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PBS “The Vietnam War” to Feature IAVA Board Member Wayne Smith

New York, NY (September 16, 2017) — Before its premiere this Sunday at 8 PM on PBS, IAVA is proud to announce that Board Member and Vietnam veteran Wayne Smith will share his reflections on his experiences as an Army medic in “The Vietnam War” documentary series. A ten part series by filmmakers Ken Burns and Lynn Novick, “The Vietnam War” will tell the story of one of the most consequential, divisive, and controversial events in American history as it has never before been told on film. IAVA, the leading voice of the Post-9/11 generation of veterans, applauds the filmmakers and PBS for its commitment to documenting the war and encourages all Americans to watch and remember those serving today.

“This documentary could not be more important, nor more timely. Our nation has yet to heal from the turmoil of the Vietnam War. And, as more time passes, fewer generations of Americans understand what that war meant to our nation. This series is a recommitment that, as a nation, we will honor Vietnam veterans as they never were when they came home. And it’s a critical reminder that we not forget the men and women currently overseas, and the veterans of our most recent wars,” said Paul Rieckhoff, Founder and CEO of IAVA. “We are honored to have our Board Member and Vietnam veteran Wayne Smith participate in this prolific series. Wayne is a hero, a revered elder in our community and a beacon of knowledge, kindness and strength throughout his career of advocacy on behalf of veterans of all generations. Vietnam veterans like Wayne have a special bond with Post-9/11 veterans, facing some of the same issues seventy years later. We are grateful that Ken Burns, Lynn Novick and their team have taken such care in telling the story of this divisive, critical time in American history. All Americans should watch the series, reflecting on how far the country has come and how much still must be done to ensure that veterans, servicemembers and their families are not forgotten, no matter what era.”

“The Vietnam War” begins Sunday, September 17 on PBS at 8 PM EST. More information can be found at

About Wayne Smith: Wayne Smith is an accomplished veterans advocate who has worked with war veterans for nearly four decades. A native of Providence, Rhode Island, he was an altar boy and choirboy. After serving nearly 18 months in Vietnam as a combat medic, Smith overcame his own wartime trauma before becoming a nationally recognized mental health therapist and advocate for war veterans. Smith has led educational programs about veterans and the causes and consequences of war, and helped raise more than $2 million for the Vietnam Veterans Memorial Fund. In 1998, Smith returned to Vietnam with 20 American veterans to promote peace and reconciliation. Together with 20 Vietnamese soldiers, these former enemies rode bicycles 1,200 miles, from Hanoi to Ho Chi Minh City, to help heal some of the wounds of that war. Smith is one of the veterans featured in the Emmy Award winning documentary about the experience. He is on the Board of Iraq and Afghanistan Veterans of America (IAVA).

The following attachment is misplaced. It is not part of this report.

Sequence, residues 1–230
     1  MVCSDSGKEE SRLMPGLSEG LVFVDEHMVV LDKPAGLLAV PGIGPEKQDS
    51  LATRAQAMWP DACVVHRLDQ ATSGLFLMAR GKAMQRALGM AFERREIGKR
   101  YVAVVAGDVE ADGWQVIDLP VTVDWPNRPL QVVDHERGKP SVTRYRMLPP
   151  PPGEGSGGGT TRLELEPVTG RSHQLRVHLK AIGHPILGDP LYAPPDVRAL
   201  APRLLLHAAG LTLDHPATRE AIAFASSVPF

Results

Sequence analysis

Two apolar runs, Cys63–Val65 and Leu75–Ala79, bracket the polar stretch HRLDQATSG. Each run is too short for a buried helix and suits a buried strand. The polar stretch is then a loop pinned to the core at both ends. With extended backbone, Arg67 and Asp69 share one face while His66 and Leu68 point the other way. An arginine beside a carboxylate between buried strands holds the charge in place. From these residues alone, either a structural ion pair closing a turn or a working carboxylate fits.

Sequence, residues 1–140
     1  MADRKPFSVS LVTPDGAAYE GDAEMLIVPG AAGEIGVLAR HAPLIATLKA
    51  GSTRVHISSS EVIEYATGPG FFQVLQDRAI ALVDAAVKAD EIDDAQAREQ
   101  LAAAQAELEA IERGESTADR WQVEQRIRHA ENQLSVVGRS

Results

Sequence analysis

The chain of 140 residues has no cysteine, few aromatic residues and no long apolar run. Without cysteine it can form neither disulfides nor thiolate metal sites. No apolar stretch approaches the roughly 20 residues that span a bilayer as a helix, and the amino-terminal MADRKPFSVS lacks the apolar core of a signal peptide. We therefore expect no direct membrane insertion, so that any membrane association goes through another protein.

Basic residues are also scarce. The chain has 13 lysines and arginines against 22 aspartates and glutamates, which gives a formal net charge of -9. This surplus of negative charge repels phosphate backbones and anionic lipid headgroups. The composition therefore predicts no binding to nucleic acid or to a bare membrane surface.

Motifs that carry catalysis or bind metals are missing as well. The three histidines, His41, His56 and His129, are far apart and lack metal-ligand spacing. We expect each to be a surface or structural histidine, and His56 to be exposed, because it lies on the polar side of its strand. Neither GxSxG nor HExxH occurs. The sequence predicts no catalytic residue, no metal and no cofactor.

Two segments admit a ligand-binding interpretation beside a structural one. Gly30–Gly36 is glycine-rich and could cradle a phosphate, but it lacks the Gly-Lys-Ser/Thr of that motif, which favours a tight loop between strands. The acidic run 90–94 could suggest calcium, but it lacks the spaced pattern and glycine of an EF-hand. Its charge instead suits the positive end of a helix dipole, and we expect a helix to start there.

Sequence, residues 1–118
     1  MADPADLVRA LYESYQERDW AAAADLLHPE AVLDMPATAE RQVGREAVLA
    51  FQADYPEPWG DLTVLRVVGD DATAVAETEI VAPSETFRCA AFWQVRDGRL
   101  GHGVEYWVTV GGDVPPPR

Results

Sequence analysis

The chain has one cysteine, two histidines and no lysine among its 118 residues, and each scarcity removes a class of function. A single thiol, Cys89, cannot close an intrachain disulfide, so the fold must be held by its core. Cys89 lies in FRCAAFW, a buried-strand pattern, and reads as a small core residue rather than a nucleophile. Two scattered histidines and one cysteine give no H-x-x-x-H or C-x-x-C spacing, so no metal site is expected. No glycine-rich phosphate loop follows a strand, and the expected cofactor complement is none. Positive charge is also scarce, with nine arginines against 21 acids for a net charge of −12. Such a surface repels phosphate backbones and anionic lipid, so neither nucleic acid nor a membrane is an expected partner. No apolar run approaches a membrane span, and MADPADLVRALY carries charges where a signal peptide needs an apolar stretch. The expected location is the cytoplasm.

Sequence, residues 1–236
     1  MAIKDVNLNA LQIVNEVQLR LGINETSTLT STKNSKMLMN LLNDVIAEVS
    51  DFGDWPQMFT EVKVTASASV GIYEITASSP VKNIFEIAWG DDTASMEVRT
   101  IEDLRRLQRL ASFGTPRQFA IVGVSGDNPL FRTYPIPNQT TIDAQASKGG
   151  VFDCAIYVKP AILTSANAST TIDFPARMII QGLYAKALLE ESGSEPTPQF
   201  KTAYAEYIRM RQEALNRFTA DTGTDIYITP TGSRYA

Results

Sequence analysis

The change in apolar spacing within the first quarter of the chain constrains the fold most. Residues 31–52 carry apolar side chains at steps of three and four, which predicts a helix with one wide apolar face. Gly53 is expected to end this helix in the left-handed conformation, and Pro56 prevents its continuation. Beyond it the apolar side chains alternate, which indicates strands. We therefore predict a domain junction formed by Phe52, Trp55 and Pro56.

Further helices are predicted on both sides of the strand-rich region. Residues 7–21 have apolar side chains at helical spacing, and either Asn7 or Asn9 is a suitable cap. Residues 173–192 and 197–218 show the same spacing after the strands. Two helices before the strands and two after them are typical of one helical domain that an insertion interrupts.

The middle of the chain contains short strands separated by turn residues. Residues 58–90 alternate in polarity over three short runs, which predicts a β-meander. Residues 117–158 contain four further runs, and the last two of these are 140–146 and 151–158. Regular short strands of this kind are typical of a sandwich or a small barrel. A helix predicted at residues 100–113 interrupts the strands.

About IAVA Films:
Soon after our founding in 2004, IAVA leadership recognized that film and entertainment projects had a unique power to define our experience and activate millions. Films connected to our experiences in Iraq and Afghanistan, and the broader military experience, for better or worse, would tell our story to the world forever.

As the voice of the Post-9/11 veterans community, with a massive and deeply-engaged membership nationwide, IAVA has the opportunity to support and validate the best–and serve as a watchdog for the worst. IAVA can also provide historical, technical, cultural, social, technological and programmatic support that can ensure a project maximizes its impact, generates thoughtful conversation, and does no harm–by supporting the veterans and supporters long after the film is over. Dynamic IAVA members across America can see them first–and drive the national dialogue, in our communities, online and in the media.
For more than a decade, Academy Award-nominated and critically-acclaimed IAVA-supported films have ranged from independent documentaries to box office blockbusters, and have included titles like The War Tapes, Restrepo, Warrior Champions, Fort Bliss, Crisis Line: Veterans Press 1, American Sniper and Max. These are the films that America is talking about–or should be talking about.


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